Helmet or No Helmet?

The 5th annual Riders4 Helmets International Helmet Awareness Day was yesterday–Saturday, July 12, 2014. Some tack stores, including my favorite Dover Saddlery, offer a sweepstakes for a free helmet, and many more tack stores–Smartpak, Stateline Tack–offer one-day discounts on their most popular helmets.
Riders4Helmets was founded following the accident Dressage Olympian Courtney King-Dye’s had a few years ago. King-Dye was not wearing a helmet, and the accident resulted in a brain injury, for which she is still undergoing rehabilitation. Riders4Helmets shared the following tips for Helmet Awareness Day this year:

  • If you have a hard impact blow while wearing your helmet, immediately replace it with a new helmet. There may be damage to the helmet that is not visible to the naked eye.
  • Helmet manufacturers generally recommend replacing your hat every 4-5 years. Helmets take a beating over time from sweat, heat, dust and rain, and the styrofoam liner in the helmet, relinquishes its ability to protect the head over time. “Replacing your helmet sooner than 4 to 5 years may, in some circumstances, be necessary,” said White.
  • A ponytail or different hairstyle can affect the fit of your helmet. When you try on helmets prior to purchase, wear your hair in the style that you expect to wear it when riding.
  • Only purchase a helmet online if it is brand new and unused. Check the date of manufacture. Purchasing a used helmet can be very risky and is NOT recommended. The helmet may have sustained previous damage that you are not able to see.
  • Riding is considered more dangerous than downhill skiing and motorcycling.
  • There is no statistical correlation between skill level and injury likelihood. Professional riders are just as “at risk” to sustain injury due to a fall as amateur riders.
  • Approximately 20% of all accidents which result in head injuries happen while the person is on the ground
  • Head injuries are cumulative. An original head injury can be made much worse by ­additional concussions.
  • Even a fall from a standing horse can be catastrophic. Your injury risk depends on the height from which you fall, as well as the speed at which you are traveling.
  • It is best if you invest in your own helmet, regardless of whether or not you own a horse. “It is a personal safety product purchase. Your helmet is designed to fit your head,” reminds White, “as a poorly fitting helmet offers very little, to no protection.” In addition to wearing a properly fitted helmet, the harness must fit snugly, in order for the helmet not to rotate should you have a fall.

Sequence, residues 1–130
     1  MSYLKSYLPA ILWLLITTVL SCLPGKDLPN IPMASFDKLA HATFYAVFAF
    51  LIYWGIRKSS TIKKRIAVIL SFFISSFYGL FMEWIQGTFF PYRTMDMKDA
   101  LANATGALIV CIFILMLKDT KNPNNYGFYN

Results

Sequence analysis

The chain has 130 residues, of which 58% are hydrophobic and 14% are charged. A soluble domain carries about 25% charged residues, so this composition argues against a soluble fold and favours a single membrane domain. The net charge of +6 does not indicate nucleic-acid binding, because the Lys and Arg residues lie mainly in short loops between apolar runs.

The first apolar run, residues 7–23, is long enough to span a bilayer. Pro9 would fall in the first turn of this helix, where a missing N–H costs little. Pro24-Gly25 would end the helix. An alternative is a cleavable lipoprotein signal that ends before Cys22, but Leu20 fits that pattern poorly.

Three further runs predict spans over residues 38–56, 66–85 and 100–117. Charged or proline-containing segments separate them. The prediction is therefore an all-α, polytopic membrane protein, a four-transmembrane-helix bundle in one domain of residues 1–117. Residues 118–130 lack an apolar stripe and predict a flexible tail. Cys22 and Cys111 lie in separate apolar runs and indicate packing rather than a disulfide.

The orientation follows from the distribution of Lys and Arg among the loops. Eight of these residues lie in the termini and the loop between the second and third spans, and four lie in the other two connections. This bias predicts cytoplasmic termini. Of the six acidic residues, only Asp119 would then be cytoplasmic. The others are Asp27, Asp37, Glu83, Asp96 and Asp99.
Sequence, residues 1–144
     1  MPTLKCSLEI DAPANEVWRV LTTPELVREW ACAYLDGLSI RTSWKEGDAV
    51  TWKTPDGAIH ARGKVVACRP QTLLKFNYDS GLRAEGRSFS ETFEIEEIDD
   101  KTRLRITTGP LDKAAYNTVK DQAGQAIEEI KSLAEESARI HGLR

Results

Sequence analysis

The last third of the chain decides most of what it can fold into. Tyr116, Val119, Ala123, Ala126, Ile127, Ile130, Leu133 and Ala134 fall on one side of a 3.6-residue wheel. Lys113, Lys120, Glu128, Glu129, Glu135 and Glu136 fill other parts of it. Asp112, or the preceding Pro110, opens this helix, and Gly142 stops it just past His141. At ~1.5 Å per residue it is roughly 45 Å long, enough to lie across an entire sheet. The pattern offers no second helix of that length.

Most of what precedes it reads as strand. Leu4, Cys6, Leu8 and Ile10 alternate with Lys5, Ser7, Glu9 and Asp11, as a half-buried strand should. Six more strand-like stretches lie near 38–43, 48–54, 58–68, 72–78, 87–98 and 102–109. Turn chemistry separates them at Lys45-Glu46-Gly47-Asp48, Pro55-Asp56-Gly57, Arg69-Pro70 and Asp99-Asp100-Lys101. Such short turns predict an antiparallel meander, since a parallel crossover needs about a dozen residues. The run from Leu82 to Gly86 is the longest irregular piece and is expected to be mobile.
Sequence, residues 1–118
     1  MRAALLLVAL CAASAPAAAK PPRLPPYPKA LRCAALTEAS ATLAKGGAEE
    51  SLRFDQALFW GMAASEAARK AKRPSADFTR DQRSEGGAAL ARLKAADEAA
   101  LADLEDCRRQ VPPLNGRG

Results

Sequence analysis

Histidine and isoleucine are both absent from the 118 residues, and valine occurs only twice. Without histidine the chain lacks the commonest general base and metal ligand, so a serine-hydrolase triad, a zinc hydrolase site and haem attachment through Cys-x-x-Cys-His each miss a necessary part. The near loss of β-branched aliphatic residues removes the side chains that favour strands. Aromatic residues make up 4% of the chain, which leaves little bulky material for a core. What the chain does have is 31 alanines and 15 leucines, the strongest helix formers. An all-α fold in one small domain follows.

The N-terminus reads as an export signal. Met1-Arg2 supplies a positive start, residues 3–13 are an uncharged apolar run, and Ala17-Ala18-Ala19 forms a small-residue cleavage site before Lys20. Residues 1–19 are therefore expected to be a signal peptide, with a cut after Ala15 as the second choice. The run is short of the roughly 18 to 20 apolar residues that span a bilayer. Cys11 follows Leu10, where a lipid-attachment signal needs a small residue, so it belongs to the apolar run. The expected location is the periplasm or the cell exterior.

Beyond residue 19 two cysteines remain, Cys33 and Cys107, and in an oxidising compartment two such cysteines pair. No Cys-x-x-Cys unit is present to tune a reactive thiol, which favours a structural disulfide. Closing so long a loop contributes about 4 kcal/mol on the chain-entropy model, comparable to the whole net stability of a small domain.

In recent years, the discussion of helmet or no helmet has moved to the forefront of many forums, magazines, and social media discussions. Most notably, many top level Dressage riders are giving up their traditional top hats and bowlers for helmets since rule changes no longer require traditional headgear. In fact, those same rule changes require helmets for riders under 18. Even Western Riders participating in Western Dressage classes at USDF-sanctioned shows are being required to wear helmets.
But the debate is far from over…
Most Western competitions still require a traditional headgear, meaning riders are not allowed to wear a helmet in the show ring. The American Stock Horse Association allows riders to wear helmets, but some argue that riders who wear helmets are penalized by more traditional judges. Most junior competitions allow riders to wear helmets, but many trainers insist on a cowboy hat rather than a helmet for their junior riders, insisting that it is “more professional”.
Personally, I grew up wearing a helmet and wear one every ride require my adult daughter to wear a helmet when riding my horses. Unless someone can give me a good reason NOT to wear a helmet I will wear a helmet whether riding English or Western. To me, a fashion statement simply isn’t a good enough reason. Since I have a vented helmet, the heat isn’t a good reason either. My horses are great horses, but you just never know. I’ve seen great “kid broke” horses buck like broncs when attacked by fire ants. I just can’t see any reason NOT to put safety first.
I would love to hear your thoughts on the subject!

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